For the scene of this narrative please take into mind a wide quarter-circle of country, such as any of the pretty women we are to know in it might have covered on the map with her half-opened fan.
Let its northernmost corner be Vicksburg, the famous, on the Mississippi. Let the easternmost be Mobile, and let the most southerly and by far the most important, that pivotal corner of the fan from which all its folds radiate and where the whole pictured thing opens and shuts, be New Orleans. Then let the grave moment that gently ushers us in be a long-ago afternoon in the Louisiana Delta.
Throughout that land of water and sky the willow clumps dotting the bosom of every sea-marsh and fringing every rush-rimmed lake were yellow and green in the full flush of a new year, the war year, ’Sixty-one.
Though rife with warm sunlight, the moist air gave distance and poetic charm to the nearest and humblest things. At the edges of the great timbered swamps thickets of young winter-bare cypresses were budding yet more vividly than the willows, while in the depths of those overflowed forests, near and far down their lofty gray colonnades, the dwarfed swamp-maple drooped the winged fruit of its limp bush in pink and flame-yellow and rose-red masses until it touched its own image in the still flood.
That which is now only the “sixth district” of greater New Orleans was then the small separate town of Carrollton. There the vast Mississippi, leaving the sugar and rice fields of St. Charles and St. John Baptist parishes and still seeking the Gulf of Mexico, turns from east to south before it sweeps northward and southeast again to give to the Creole capital its graceful surname of the “Crescent City.” Mile-wide, brimful, head-on and boiling and writhing twenty fathoms deep, you could easily have seen, that afternoon, why its turfed levee had to be eighteen feet high and broad in proportion. So swollen was the flood that from any deck of a steamboat touching there one might have looked down upon the whole fair still suburb.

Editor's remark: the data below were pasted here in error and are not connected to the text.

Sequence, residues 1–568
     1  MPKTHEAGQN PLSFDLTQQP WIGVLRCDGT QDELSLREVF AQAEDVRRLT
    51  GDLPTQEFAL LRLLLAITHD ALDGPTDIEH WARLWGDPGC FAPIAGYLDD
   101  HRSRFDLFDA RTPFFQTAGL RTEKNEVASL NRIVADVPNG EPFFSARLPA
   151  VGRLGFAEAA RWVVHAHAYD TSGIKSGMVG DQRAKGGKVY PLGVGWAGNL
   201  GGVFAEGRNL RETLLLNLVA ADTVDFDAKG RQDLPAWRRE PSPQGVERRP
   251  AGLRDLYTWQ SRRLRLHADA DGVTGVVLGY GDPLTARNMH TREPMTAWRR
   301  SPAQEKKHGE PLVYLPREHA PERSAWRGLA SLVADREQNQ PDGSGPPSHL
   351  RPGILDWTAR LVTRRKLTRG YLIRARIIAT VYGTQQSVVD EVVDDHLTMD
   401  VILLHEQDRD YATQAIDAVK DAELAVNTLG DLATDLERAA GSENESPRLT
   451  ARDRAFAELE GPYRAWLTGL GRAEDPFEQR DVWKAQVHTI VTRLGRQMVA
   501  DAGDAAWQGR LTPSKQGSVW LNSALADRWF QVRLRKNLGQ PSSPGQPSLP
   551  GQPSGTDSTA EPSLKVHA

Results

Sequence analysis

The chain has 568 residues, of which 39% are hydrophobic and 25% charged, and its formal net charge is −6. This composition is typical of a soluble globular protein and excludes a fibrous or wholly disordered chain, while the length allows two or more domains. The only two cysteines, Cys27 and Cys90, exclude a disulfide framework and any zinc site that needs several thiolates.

Widely it hovered in its nest of rose gardens, orange groves, avenues of water-oaks, and towering moss-draped pecans. A few hundred yards from the levee a slender railway, coming from the city, with a highway on either side, led into its station-house; but mainly the eye would have dwelt on that which filled the interval between the nearer high road and the levee—the “Carrollton Gardens.”
At a corner of these grounds closest to the railway station stood a quiet hotel from whose eastern veranda it was but a step to the centre of a sunny shell-paved court where two fountains danced and tinkled to each other. Along its farther bound ran a vine-clad fence where a row of small tables dumbly invited the flushed visitor to be inwardly cooled. By a narrow gate in this fence, near its townward end, a shelled